Summer Banking Internship Season Is Upon Us

It’s September, and depending on how old you are and what your ambitions are, this month means different things. For some, it’s the season of school re-entry. All across the world, students are returning to their universities with grand plans. Some have plans to master their classes by attending every office hour the instructor offers. Others have plans to make the social moves to advance their extracurricular interests.

However, for a particular group of students, the start of school means one thing only: Wall St. internship applications. That’s right, just as the summer (and, presumably, their internship placement) wraps up, future investment bankers and stockbrokers are already preparing updated resumes, cover letters, and researching contacts for follow-up emails. In fact, global investment bank Goldman Sachs, which is often regarded as the world’s most prestigious private financial institution and currently sits at #2 on the Financial Times League Tables, opened their applications in mid-august this year. Even before the most eager interns had wrapped up their 2017 placements, they were jockeying for 2018 spots at “the firm”.

The competitive nature of investment banking internships, in which top students strive tirelessly to earn a top placement, is largely unique. There’s no doubt that as professions grow more specialised, and undergraduate educations grow ever-more common, the competition for internships grows. This trend is helped by the systemic departure from a long tradition of unpaid internship placements in favour of more comprehensive paid summer positions. However, investment banking is unique. Acceptance rates at firms such as JPMorgan Chase and Citigroup often sit well below 3%, and Goldman Sachs attracted a quarter of a million student applicants in 2016. For reference, the most selective post-secondary institution in the United States, Stanford University, admitted 4.8% of applicants in 2017.

What’s more, it’s not easy to even get your applicant materials looked at. Many firms only accept applicants from schools identified as traditional “core recruiting” institutions. These include the names you’d expect: Harvard, Columbia, Princeton, Stanford, etc. Rarely is a public university featured on this prestigious list. Since this is a Canadian publication, it’s worth noting that the landscape in the great white north is even less equitable. Only students at 4 schools can expect to be considered “core recruiting” for Wall and Bay Streets alike. Unless you attend the University of Toronto, University of British Columbia, McGill University, or Western’s Ivey Business School, your path to an investment banking career is treacherous at best.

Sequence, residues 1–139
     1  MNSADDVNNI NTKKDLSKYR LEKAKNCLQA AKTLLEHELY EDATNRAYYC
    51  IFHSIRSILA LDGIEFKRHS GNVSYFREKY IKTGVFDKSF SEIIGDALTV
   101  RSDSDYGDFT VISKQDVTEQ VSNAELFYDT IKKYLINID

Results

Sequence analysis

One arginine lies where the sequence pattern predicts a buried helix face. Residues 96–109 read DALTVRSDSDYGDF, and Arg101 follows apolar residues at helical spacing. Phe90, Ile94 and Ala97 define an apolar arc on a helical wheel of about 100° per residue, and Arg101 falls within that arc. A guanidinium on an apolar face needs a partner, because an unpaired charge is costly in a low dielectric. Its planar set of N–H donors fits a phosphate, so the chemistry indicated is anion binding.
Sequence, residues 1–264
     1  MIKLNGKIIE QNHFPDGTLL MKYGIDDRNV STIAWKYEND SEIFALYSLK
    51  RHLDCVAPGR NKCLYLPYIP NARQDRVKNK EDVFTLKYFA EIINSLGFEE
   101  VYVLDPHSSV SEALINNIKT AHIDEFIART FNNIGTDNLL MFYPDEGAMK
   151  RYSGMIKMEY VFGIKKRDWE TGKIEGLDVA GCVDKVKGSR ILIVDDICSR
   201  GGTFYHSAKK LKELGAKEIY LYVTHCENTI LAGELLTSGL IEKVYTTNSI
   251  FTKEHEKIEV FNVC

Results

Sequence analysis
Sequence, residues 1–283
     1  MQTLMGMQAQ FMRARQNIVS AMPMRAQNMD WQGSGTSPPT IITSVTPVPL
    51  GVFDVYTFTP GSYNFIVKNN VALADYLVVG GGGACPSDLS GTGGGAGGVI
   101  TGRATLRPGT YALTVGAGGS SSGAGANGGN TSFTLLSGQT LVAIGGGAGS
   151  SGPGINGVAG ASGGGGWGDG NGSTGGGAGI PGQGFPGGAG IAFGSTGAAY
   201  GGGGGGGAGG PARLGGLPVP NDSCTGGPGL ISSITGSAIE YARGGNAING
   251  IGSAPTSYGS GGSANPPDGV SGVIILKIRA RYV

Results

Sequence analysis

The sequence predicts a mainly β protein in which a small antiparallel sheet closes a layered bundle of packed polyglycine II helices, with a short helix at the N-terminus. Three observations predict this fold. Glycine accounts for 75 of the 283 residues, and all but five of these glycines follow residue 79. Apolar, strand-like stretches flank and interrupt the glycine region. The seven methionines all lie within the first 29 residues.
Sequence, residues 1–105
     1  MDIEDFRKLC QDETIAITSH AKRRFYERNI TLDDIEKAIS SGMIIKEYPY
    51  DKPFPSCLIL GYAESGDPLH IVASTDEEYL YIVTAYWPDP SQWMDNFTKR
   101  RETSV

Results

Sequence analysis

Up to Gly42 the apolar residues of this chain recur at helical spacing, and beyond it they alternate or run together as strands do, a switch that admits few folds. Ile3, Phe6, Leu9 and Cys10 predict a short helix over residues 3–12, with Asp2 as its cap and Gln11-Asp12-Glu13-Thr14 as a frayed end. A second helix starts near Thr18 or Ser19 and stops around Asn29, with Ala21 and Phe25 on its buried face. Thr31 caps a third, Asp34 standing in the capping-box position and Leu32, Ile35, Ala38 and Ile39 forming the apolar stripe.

Another unique aspect of an investment banking career is the number of opportunities for entry. The prospect of breaking into 200 West St. (Goldman Sachs' Global Headquarters) hinges on two intake cycles. If you don’t make the cut to be a summer analyst in the summer of your penultimate undergraduate year, you are afforded one other opportunity as a summer associate halfway through graduate business school. In today’s competitive environment, there is simply no other opportunity to break into the business. Gone are the days of clever ex-engineers walking into the office with a resume and dazzling a managing director in order to win a position as an analyst. There is virtually no lateral movement of experienced financial professionals from retail banking into “i-banking”.

All of this effort, competition, and potential heartbreak. And for what? For these applicants, an offer letter at the end of their summer placement is the holy grail. The opportunity to be a part of the largest mergers, IPOs, and municipal bond issuances that represent the projects that will change the world. For these eager 20-somethings, the money is good. But the prestige is better. It’s an opportunity to play a key role in a global market of resource allocations. And to them, at least at this stage in their life, it’s worth every bit of effort. It has to be.

Gordon Milne

Works Cited

Noonan, L. (2016, June 5). Goldman Sachs Attracts 250,000 Student Job Applications. Retrieved from CNBC Website: student-job-applications.html

Stanford University. (2017, September 3). Undergraduate Admissions. Retrieved from Stanford University Website:

Picture titled, "wall street sign", taken by nakashi on April 27, 2010, obtained through Creative Commons (